capitolhill

By Mark E. Smith

In my recent HME News column, I talked about how, unlike in the classic 1975 School House Rock song, a bill isn’t just a bill, rather, it’s about people, not paper, where getting legislation passed is about Capitol Hill face time, convincing our elected officials and their staffs to sign-on and support disability-related legislation is vital.

Indeed, I was privileged again this spring to be on Capitol Hill – as an advocate, not just a bill – summoning support for H.R. 942, the 2013 version of the Ensuring Access to Quality Complex Rehabilitation Act. We’ve introduced similar versions for several years now (much like in School House Rock, bills low on the priority get stuck on the steps of Capitol Hill, and fall off of the calendar, needing reintroduction). However, this year’s version, we believe, has a real chance, as face time and the quality of the proposed bill seem to have converged, where our elected officials have off-the-record at least noted it as a no-brainer, namely because it serves those with severe disabilities so well. See, H.R. 942 doesn’t just help protect complex rehab technology funding, but it eliminates the “in-home-use-only” rule; it allows those in long-term care facilities to qualify for vital technology like power wheelchairs; it sets standards so that technology is only prescribed to those with appropriate conditions; and, it further elevates the education and licensing of providers. Therefore, H.R.942 isn’t just about protecting funding, but also it’s about safeguarding consumers. And, it’s a cost-saver. For example, Medicare currently spends $1.6 billion annually on pressure sore treatments. H.R. 942 ensures access to both the right seating and clinical services to help prevent pressure sores. In this one area alone, a staggering amount of long-term healthcare costs could be saved, arguably hundreds of millions of dollars in the least.

But, again, H.R. 942 isn’t about paper, it’s about people. And, on the Hill with me, lobbying, were among the most amazing advocates, from a dozen or so of us who use complex rehabilitation technology, to clinicians like Gerry Dickerson, who have dedicated their lives to elevating – and, truly, creating – the field of applying complex rehabilitation technology to increase the quality of life for those of us with severe disabilities.

However, what struck me most about this spring’s lobbying effort, coordinated by NCART, was that we all are ordinary people doing the extraordinary – there’s no magic to making a difference, just dedication and tenacity. I mean, Mickae Lee and Jen Westerdahl are both single moms (and Mickae works two jobs!), yet they scheduled and coordinated hundreds of meetings for our lobbying day, literally staying up till all hours for weeks before the conference to make sure the schedule was complete. That’s the beauty of a democracy – anyone can help foster change with good ol’ effort.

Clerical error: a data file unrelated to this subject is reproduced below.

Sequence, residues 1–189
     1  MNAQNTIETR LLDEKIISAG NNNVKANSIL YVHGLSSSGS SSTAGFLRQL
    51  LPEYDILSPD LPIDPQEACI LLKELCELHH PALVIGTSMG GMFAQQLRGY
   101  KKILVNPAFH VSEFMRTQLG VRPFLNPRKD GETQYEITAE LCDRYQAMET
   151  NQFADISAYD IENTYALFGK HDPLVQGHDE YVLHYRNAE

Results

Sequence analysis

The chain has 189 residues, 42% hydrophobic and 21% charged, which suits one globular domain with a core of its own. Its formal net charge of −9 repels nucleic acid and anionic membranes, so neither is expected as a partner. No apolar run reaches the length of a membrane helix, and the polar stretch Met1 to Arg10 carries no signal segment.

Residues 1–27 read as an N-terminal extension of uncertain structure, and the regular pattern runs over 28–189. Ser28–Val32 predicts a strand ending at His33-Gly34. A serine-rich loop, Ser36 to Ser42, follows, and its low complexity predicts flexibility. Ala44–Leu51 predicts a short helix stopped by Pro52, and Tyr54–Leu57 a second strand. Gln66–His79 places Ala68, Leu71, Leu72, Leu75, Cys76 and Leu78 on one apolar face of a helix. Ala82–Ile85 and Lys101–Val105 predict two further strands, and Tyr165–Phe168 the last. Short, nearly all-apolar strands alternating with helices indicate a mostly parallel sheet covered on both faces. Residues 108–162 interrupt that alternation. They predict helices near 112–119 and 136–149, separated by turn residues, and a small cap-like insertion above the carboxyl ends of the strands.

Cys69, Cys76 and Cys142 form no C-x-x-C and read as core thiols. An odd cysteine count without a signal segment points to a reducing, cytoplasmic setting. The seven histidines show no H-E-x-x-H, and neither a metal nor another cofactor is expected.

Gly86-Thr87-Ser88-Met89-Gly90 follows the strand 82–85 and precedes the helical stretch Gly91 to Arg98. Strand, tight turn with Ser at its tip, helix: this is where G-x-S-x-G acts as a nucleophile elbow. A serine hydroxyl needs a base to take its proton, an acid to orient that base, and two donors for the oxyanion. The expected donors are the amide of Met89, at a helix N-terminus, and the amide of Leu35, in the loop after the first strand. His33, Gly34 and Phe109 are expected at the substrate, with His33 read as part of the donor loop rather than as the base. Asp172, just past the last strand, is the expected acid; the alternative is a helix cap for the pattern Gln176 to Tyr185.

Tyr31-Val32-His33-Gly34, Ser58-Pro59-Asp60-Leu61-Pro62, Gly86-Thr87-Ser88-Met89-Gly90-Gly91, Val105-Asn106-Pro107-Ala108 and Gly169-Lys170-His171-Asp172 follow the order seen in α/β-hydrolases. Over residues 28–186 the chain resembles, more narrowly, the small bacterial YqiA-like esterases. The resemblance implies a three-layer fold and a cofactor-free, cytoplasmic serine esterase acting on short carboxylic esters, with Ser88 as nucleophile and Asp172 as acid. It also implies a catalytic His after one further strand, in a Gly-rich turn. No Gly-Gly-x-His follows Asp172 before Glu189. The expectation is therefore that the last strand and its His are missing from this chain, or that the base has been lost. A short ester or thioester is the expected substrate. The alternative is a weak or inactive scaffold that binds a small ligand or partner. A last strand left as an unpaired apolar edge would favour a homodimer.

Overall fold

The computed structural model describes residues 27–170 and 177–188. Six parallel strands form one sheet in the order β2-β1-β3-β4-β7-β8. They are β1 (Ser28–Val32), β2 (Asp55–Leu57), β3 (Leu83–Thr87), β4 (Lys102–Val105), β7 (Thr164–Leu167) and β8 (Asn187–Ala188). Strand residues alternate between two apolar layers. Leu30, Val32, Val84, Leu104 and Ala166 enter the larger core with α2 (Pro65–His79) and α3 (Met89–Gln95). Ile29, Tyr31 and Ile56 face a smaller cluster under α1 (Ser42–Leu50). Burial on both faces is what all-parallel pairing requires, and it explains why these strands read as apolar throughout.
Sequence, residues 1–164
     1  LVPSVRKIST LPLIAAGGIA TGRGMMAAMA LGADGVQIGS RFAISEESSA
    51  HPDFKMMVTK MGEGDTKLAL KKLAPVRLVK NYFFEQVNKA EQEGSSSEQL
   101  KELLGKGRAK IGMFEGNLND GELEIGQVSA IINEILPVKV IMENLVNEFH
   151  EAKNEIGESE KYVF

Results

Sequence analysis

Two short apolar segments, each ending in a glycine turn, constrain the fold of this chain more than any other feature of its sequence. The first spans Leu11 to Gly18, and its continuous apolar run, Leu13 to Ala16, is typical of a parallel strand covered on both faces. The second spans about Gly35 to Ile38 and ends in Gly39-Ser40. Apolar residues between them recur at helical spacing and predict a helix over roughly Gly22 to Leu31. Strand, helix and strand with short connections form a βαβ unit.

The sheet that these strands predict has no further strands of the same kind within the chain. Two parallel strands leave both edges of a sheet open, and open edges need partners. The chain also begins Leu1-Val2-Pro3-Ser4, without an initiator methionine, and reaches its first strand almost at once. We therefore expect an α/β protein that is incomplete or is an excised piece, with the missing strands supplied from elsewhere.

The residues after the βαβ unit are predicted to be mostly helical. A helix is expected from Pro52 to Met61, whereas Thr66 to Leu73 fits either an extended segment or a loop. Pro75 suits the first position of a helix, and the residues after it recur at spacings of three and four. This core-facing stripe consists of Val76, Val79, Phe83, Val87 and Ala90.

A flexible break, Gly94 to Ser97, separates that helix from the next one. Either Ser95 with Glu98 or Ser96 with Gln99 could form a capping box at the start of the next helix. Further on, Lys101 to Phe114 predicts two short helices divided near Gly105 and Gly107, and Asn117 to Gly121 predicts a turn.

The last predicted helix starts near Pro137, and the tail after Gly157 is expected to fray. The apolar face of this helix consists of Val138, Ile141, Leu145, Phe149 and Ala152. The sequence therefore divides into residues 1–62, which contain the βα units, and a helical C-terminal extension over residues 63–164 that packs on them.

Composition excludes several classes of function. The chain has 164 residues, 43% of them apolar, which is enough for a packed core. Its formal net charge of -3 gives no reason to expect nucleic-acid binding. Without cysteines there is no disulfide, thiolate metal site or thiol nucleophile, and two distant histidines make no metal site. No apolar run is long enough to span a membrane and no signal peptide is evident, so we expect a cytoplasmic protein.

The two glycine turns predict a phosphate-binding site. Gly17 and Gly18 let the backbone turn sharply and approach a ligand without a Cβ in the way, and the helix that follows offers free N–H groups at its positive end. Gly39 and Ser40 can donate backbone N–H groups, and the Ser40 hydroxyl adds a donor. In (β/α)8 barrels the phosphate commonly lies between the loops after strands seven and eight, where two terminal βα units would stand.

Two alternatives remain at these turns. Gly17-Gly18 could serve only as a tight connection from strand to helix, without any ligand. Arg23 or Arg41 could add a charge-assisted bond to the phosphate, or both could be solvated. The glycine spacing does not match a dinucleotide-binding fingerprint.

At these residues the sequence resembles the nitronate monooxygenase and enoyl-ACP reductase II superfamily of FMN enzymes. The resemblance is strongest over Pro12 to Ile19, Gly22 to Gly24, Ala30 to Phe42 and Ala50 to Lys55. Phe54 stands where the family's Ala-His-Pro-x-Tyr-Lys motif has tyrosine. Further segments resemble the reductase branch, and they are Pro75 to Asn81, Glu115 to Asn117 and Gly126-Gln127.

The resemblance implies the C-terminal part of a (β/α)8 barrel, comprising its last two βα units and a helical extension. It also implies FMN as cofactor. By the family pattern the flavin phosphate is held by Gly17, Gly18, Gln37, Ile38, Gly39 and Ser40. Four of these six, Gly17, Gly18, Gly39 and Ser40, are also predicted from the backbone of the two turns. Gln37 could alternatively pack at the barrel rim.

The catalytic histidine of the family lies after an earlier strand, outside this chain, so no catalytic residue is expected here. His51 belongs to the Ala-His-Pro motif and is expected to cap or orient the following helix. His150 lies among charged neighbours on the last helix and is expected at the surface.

I’ve been on the Hill quite a bit, more than maybe even I presumed, as in a few of my meetings, I was greeted with, “Mark, back for your semi-annual visit, are you?” See, the way it works is that anyone can make an appointment to meet with an elected official or staff (more commonly staff), and in our case with a proposed bill like H.R. 942, we have 15 minutes or so to make our pitch – and a lasting impression.

As a Pennsylvanian, that’s usually my lobbying territory, where I met with my two senators and four congressional staffs. Sometimes I’ll sneak in my old state of California, if needed. Nevertheless, six meetings in one day is a pretty intense schedule, where the size of Capitol Hill and its buildings makes it a race from one meeting to the next. I mean, when you have 15 minutes to get from the Rayburn building on one side, to the Dirksen building across the Hill, you put your power wheelchair in high gear!

I had the pleasure of tag-teaming with Matthew Clark, a wheelchair user from Philadelphia, and he’s emblematic of what I’d describe as the truest advocate – it all comes from the heart, just a guy making a difference. You’ve likely never heard of Matthew, as he’s not in the pages of New Mobility magazine, nor does he work in the mobility industry. He’s a photographer and filmmaker who told me, ”I do this [advocacy] because it’s the right thing to do.”

And, Matthew is astoundingly good at lobbying. Going into a congressional office with him was like walking onto a basketball court with Michael Jordan back in the day – you know you’re in the trenches with the best of the best. For starters, he has an I.Q. that has to be 140 or more, able to recite complex facts and figures by the dozens, making the H.R. 942 fact sheet obsolete. And, then, add to that his wit and charm, and he’s untouchable in meetings, winning everyone over with his eloquence and sincerity.

So, as lucky as I was to end up partnered with the best consumer advocate I’ve ever worked with, I wondered how he ended up on the Hill that day? The answer, $10. As he shared with me, long-haul buses travel between Philadelphia and Washington DC, and much like with airlines, the fares fluctuate, where he scored a $10 bus ticket down, but was admittedly disappointed that it was $19 to return home. Literally, Matthew was taking Capitol Hill by storm, advocating for millions of Americans with disabilities, on his own time and effort – all for $29.

Again, everyone lobbying on the Hill that day had his or her own remarkable story. Yet, when I think about Matthew Clark, he embodies advocacy at its best: One person, one voice serving the interests of millions. And, it proves such a valuable lesson to all of us. You don’t need fame, fortune, or formal training to help create legislative change – just the self-initiative to get involved.

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